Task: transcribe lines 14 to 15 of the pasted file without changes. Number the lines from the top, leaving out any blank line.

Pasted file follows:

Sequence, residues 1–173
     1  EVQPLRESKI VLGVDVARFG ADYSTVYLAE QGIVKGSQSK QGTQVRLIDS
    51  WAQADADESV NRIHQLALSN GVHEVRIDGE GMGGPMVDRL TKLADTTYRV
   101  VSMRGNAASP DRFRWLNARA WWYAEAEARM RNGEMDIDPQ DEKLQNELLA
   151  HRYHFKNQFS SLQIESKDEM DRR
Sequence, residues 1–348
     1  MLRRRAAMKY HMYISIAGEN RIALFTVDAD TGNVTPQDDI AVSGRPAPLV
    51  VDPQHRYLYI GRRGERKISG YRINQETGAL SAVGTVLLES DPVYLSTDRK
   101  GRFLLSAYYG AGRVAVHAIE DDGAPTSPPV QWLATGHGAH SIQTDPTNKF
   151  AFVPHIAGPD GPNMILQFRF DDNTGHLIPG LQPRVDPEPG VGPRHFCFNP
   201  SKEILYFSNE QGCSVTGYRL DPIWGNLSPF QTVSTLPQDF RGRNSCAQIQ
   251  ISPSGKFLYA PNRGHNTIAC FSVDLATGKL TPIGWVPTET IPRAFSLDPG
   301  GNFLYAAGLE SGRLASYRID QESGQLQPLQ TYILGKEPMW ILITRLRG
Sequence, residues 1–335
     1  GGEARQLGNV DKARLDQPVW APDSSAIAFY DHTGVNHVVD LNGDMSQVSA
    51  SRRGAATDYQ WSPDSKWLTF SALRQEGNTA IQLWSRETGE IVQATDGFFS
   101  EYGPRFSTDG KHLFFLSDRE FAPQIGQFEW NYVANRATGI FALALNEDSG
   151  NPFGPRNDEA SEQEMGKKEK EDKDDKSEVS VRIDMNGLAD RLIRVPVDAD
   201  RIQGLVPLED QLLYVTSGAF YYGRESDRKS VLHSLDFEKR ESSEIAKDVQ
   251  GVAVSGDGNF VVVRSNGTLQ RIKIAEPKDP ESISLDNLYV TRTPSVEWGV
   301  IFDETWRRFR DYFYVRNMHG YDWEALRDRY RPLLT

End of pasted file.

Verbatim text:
Sequence, residues 1–335
     1  GGEARQLGNV DKARLDQPVW APDSSAIAFY DHTGVNHVVD LNGDMSQVSA